R.A. Dickey, SP—Toronto Blue Jays
Dickey is one of the most intriguing stories in all of baseball. Last season included a rebirthing of his career with the New York Mets that led to his crowning as the NL Cy Young Award winner. After being traded to the Blue Jays when contract issues arose, the fairytale story for the Knuckleballer has incurred a few bumps and bruises. A 5.11 ERA and 1.36 WHIP, along with eight losses, have overruled the 38-year-old Dickey's resurgence. Experts predicted a slight backtrack for the Knuckleballer but many didn't expect Dickey to return to his early-career struggles with command. Dickey's roller coaster season should continue with an occasional quality start sprinkled in the midst of his command struggles.
Chase Headley, 3B—San Diego Padres
Last year's NL Gold Glove and Silver Slugger Award winner for third baseman has had a tough go-round this season. Headley sports a meager .226 batting average with only six home runs and 20 RBIs as the season nears it mid-way point. Injuries, including a small thumb fracture that caused the 28-year-old to miss the first three weeks of the season, have contributed to Headley's sluggish start as well. Headley should return to form in the second half once the rust is shaken off.
J.P. Arencibia, C—Tornonto Blue Jays
The backstop who broke out last season has, much like his teammate Dickey, returned to previous struggles. Arencibia is second in the league in home runs from the catcher position this season, but his .214 batting average and 75 strikeouts rank in the cellar of each category. A boom-or-bust type player, hitting in the middle of a potentially potent young offense in Toronto, the Blue Jays and Arencibia just seemingly can't put everything together at the same time. The 27-year-old still has a legit power and should be one of the better power-hitting catchers in the American League in the second half, barring a cut down on the strikeouts. Think a poor man's Mike Napoli.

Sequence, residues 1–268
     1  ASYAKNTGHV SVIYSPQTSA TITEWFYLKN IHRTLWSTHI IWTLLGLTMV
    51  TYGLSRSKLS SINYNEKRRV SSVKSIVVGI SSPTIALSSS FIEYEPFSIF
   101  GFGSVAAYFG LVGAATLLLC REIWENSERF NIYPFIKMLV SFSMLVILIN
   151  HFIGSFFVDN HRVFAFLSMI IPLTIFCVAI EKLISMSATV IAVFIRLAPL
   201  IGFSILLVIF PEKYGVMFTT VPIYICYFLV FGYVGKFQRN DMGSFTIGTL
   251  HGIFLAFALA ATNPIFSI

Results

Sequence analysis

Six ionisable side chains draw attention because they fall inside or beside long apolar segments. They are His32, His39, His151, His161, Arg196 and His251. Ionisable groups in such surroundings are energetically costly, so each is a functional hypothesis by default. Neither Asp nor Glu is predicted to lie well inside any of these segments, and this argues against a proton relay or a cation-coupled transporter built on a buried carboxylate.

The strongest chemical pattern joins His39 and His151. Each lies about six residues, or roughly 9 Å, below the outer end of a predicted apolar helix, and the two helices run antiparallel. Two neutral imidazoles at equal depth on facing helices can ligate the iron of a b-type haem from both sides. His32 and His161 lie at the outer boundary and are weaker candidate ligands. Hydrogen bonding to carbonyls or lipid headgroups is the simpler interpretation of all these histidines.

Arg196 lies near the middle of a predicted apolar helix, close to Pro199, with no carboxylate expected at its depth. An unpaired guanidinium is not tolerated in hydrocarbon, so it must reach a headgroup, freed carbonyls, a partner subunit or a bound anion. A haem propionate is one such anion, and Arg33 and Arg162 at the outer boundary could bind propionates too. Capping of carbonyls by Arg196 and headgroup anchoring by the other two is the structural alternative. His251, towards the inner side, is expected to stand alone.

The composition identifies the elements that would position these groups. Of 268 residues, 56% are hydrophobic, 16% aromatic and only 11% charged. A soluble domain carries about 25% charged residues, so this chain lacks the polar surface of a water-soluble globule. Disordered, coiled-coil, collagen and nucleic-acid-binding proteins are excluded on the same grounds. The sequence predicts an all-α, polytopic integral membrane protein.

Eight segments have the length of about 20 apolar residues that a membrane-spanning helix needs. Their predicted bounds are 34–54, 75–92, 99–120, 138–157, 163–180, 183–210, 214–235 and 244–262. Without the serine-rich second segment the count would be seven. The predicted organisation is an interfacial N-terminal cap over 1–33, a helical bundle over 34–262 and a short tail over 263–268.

Todd Helton, 1B—Colorado Rockies
The most notable Volunteer in the league is still playing, though not as often as usual, at a high level. Helton alternates this season at first base, netting a batting average above .250 with 6 home runs and 25 runs batted in. For a 39-year-old who has played in the league for almost in 18 years, those are serviceable numbers, even in portioned at-bats. The five-time All Star and former NL Batting Champion in 2000 should continue to consistently produce in the second half as he always has.
Luke Hochevar, RP—Kansas City Royals
The former No. 1 overall pick in the 2006 MLB Draft has struggled mightily in his career and this season is no exception. Boasting a career ERA of 5.40 and a 1.41 WHIP, the talent has never shown itself aside from rare bursts for the Royals. Manager Ned Yost moved Hochevar to the bullpen this season, which has gone well for the 29-year-old. Sporting an upper-90's fastball and a wicked cutter, the Denver-native has potential to be a solid asset in relief and to resurrect his disappointing career. Hochevar has a 2.63 ERA in 24 innings pitched this season, so there is optimism that a turnaround is possible. Expect Hochevar to fly under the radar this season and to become a contender for the setup or closer role down the road.